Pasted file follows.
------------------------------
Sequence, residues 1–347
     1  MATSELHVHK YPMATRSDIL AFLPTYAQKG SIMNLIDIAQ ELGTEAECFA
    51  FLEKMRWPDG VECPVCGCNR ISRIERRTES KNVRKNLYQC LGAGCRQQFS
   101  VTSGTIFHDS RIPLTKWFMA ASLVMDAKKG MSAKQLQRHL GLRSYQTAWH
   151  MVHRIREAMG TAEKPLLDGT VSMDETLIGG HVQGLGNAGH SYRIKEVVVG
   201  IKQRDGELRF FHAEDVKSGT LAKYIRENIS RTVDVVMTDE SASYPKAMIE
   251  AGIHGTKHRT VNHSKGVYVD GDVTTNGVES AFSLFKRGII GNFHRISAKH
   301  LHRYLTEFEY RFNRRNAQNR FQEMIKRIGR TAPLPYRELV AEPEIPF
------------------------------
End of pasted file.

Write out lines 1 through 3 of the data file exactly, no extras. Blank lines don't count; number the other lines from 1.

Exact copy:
Sequence, residues 1–347
     1  MATSELHVHK YPMATRSDIL AFLPTYAQKG SIMNLIDIAQ ELGTEAECFA
    51  FLEKMRWPDG VECPVCGCNR ISRIERRTES KNVRKNLYQC LGAGCRQQFS